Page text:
Marawi’s displaced residents call on incoming president to help them come home

Froilan Gallardo
Marawi, Philippines
Marawi’s displaced residents call on incoming president to help them come home Displaced residents mark the fifth anniversary of the siege of Marawi, southern Philippines, by rallying to demand that they be allowed to rebuild their homes, May 23, 2022.
Froilan Gallardo/BenarNews

With weeks to go until a new president takes over in the Philippines, displaced residents of war-torn Marawi are demanding they be allowed to return to and rebuild their homes nearly five years after government forces expelled Islamic militants who had seized the southern city.

On Monday, hundreds among the thousands of locals who remain uprooted here rallied on the anniversary of the day marking the start of the militant takeover in 2017. The attack by pro-Islamic State extremists provoked a five-month battle with government forces that destroyed much of this lakeside city.

Five years on, many of the displaced people live in temporary shelters on the outskirts of Marawi. They said they were prevented from reclaiming their lands in the “most affected areas” that are still littered with unexploded ordnance from the past fighting between government forces and the militants.

“The IDPs (internally displaced persons) are fed up with the unreliable livelihood they have in the temporary shelters,” said Amenodin Cali, director of the Reclaiming Marawi Movement. 

“They want to go home to rebuild their homes,” he said.

If not allowed to visit their homes soon, he warned, “we will forcibly occupy the area.”

President Rodrigo Duterte, who will hand over the reins of government to presumptive President-elect Ferdinand Marcos Jr. in late June, signed a law in April that creates a government board to determine compensation for those displaced from Marawi.

The Republic Act 11696 (the Marawi Siege Compensation Act of 2022), which he signed, calls for the creation of a board headed by a chairperson and eight members. 

The board’s members have not yet been named, and people here say the members should be mostly local residents and professionals.

“Now that the Marawi compensation law is passed, we are hoping for its swift and judicious implementation and those who will compose the Marawi Compensation Board will have a deep understanding of Maranao culture and context,” said Jalilah Sapiin, a Lanao del Sur province teacher and member of the Marawi Reconstruction Conflict Watch, a local non-government organization.

A mosque’s pockmarked minaret stands abandoned in the southern Philippine city of Marawi after troops chased out Islamic State militants who laid siege to the city, Oct. 25, 2017. [Mark Navales/BenarNews]

There is a widespread but understated fear in the region that after Marcos won the May 9 general election, Muslim areas in the south would not be given priority in congressional budgetary appropriations under the incoming administration.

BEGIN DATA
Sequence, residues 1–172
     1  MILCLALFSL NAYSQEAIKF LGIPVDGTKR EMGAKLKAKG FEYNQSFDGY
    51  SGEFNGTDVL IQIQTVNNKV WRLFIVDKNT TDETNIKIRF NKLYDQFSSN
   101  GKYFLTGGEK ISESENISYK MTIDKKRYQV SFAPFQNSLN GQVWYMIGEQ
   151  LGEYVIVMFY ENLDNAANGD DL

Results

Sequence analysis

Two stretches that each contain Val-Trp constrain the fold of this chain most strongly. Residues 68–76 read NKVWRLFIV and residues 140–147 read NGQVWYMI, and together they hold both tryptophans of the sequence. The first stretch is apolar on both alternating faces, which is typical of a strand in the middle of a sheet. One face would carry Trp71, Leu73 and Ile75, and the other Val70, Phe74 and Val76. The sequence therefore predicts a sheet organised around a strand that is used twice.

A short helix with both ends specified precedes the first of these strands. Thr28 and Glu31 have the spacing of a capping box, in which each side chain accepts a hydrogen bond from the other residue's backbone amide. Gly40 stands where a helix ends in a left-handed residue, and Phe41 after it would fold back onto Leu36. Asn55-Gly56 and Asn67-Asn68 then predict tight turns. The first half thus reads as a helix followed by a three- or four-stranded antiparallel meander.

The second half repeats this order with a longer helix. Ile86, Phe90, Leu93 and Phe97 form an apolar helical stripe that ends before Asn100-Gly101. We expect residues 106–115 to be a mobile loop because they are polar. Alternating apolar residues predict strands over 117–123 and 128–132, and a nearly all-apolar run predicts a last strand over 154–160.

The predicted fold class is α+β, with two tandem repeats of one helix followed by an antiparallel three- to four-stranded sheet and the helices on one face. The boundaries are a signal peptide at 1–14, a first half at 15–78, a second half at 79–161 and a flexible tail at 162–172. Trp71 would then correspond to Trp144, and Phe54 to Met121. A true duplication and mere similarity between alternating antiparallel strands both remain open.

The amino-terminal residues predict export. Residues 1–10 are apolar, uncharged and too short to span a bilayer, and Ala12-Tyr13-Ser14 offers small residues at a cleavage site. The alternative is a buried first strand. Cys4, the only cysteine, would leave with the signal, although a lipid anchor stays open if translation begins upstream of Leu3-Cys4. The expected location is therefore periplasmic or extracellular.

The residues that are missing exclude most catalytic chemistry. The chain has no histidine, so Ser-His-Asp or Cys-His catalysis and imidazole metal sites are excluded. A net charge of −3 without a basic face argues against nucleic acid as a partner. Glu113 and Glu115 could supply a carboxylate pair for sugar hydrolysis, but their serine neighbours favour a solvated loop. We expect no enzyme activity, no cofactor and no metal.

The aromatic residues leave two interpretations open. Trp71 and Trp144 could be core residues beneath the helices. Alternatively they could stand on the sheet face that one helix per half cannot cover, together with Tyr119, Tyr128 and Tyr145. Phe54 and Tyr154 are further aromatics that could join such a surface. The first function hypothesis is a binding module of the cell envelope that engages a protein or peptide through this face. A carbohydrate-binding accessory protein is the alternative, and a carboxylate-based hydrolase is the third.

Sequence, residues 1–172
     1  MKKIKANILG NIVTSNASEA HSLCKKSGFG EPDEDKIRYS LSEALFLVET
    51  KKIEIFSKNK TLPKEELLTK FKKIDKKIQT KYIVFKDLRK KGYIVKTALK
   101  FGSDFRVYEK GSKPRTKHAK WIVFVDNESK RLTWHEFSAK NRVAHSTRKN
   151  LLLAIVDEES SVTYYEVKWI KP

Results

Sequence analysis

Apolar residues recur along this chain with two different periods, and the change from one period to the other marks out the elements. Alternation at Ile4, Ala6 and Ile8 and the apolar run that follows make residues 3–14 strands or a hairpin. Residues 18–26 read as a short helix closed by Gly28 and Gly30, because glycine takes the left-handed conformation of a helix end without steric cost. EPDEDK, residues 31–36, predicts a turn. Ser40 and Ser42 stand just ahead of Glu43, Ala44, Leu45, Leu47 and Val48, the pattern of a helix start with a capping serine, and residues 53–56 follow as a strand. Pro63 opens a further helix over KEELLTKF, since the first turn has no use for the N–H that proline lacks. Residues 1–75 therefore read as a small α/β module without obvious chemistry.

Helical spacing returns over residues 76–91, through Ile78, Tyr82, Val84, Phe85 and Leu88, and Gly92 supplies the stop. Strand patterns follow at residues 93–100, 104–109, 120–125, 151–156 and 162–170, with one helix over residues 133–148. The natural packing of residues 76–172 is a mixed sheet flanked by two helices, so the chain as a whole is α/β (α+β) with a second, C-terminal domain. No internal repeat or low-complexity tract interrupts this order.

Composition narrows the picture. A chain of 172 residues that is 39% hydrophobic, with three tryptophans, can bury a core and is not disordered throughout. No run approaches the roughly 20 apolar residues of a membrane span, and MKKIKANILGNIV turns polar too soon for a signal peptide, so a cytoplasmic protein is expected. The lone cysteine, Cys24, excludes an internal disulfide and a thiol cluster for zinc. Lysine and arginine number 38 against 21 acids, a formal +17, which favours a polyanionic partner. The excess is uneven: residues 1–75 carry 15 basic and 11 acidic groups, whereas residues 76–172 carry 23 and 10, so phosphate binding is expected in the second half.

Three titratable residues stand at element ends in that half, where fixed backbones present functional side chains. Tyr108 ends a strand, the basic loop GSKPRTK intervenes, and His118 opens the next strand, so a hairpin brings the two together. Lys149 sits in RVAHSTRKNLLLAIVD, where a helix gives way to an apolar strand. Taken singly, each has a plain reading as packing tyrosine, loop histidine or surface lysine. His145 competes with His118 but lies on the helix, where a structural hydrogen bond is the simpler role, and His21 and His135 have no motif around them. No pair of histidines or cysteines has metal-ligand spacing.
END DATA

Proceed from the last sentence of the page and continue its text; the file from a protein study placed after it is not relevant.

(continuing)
Congress is responsible for passing the country’s annual spending plan. While budgetary hearings begin every third quarter, appropriate funding requirements for specific purposes with regard to Marawi should have been identified already, observers said.

Former guerrilla leaders who are officials in an autonomous Muslim area in the south had backed Marcos’s rival, Leni Robredo, and campaigned against the son of Ferdinand E. Marcos, the late Philippine dictator whom they blamed for extreme bloodshed. 

Without giving specific details, Cali called on Marcos to improve rehabilitation efforts and allow those displaced to return home by December or, he said, they would take “direct action.”

For now, however, Cali said that the internally displaced people had adopted “a wait-and-see stance” on who Marcos would appoint to head the compensation board.

“The IDPs do not want the board to be politicalized. They want the board to help them,” Cali said.

‘Without money or clothes’

Aisha Radia, one of the displaced resident of Marawi and a mother of 10, took part in Monday’s demonstration.

“We did not wish this thing to happen. We left our homes without money or clothes,” she said.

She and her family spent the early months after fleeing Marawi at the Lumbacatoros Saguiaran shelter, begging for food and money. She said she would not hesitate to join her fellow IDPs if they called for more protests against the government.

Task Force Bangon Marawi manager Felix Castro Jr. dismissed as untrue the criticism of the government by the people who rallied here on Monday.

More than 1,000 residents had received permits to rebuild their houses in the most affected area in downtown Marawi, he said.

“Apparently many are waiting for the money that they could get from the Marawi Compensation Board,” Castro told BenarNews.

The task force has been involved in construction of a sports stadium, convention center, reconstructed mosques and parks as part of the reconstruction efforts, he said. 

The national coordinator for the group Interfaith Cooperation Forum, however, questioned the need for such projects.

“All these newly constructed government buildings and mosques are nothing without the residents returning to their homes,” Tirmizy Abdullah said before the rally. “The residents did not ask for them.”


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